On February 13, 2012, Plaintiffs filed a petition for writ of habeas corpus under 28 U.S.C. §2241 and filed suit against the Connecticut Department of Corrections under 42 U.S.C. §1983 in the U.S. District Court for the District of Connecticut. Plaintiffs are detainees in Connecticut Department ...
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On February 13, 2012, Plaintiffs filed a petition for writ of habeas corpus under 28 U.S.C. §2241 and filed suit against the Connecticut Department of Corrections under 42 U.S.C. §1983 in the U.S. District Court for the District of Connecticut. Plaintiffs are detainees in Connecticut Department of Corrections (CDOC) facilities who, after the expiration of the state-law basis of their detention, remain in state custody solely due to an administrative "immigration detainer" placed by the U.S. Immigration and Customs Enforcement (ICE). Represented by the Jerome N. Frank Legal Services Organization at Yale Law School, Plaintiffs seek a writ of habeas corpus requiring the state to release Plaintiffs, an injunction against detaining future individuals based solely on an immigration detainer, and declaratory judgment invalidating such detention.
Detainers issued by ICE request state and local law enforcement officials to hold individuals in custody, without any basis in state law, for up to 48 hours, pursuant to 8 C.F.R. §287.7. Plaintiff Sergio Brizuela's state-based detention ended on February 10, 2012; he filed the petition on February 13, 2012, when his subsequent detention continued for more than 48 hours. On the same day, Plaintiff filed a motion to certify a class of detainees similarly situated in CDOC facilities. Claiming they were being detained without probable cause without hearing, and that the detainer is an invalid commandeering of state officials, Plaintiffs alleged violation of their Fourth Amendment right against unreasonable seizure. Additionally, Plaintiffs asserted that their Fourteenth Amendment substantive and procedural due process rights were being violated because the state lacked a compelling interest in their continued detention.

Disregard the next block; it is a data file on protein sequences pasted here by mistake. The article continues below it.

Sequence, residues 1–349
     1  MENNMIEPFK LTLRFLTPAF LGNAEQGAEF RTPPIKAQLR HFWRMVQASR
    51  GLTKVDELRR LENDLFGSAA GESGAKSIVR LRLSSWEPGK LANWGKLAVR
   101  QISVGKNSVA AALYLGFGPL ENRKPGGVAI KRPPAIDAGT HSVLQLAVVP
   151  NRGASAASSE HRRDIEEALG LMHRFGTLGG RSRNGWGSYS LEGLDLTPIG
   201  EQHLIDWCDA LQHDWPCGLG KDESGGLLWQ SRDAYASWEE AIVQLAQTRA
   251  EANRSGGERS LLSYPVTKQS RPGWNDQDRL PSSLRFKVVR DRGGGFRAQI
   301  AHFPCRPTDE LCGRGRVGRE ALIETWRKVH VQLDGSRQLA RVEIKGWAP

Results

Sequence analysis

On February 19, 2013, the parties entered a proposed settlement agreement based on the newly enacted state regulations in A.D. 9.3 (adopted on February 2, 2013). The settlement agreement states that if an ICE immigration detainer is placed on a detainee, the detainee will be notified by the CDOC as soon as practicable. If the detainee's state-based detention has expired and the detainee does not have a prior order of removal and does not meet certain "dangerousness criteria" set forth in A.D. 9.3 ¶11, the detainee shall not be held (unless in rare occasions, in which the CDOC may use its discretion under A.D. 9.3 ¶11(A)(7) to continue detention). If the detainee has a prior order of removal or satisfies certain dangerousness criteria, CDOC shall hold him or her (subject to CDOC's discretion). The District Court (Judge Janet Bond Arterton) approved the settlement agreement on March 5, 2013. The settlement agreement expires on February 2, 2017.Dan Osher - 03/09/2013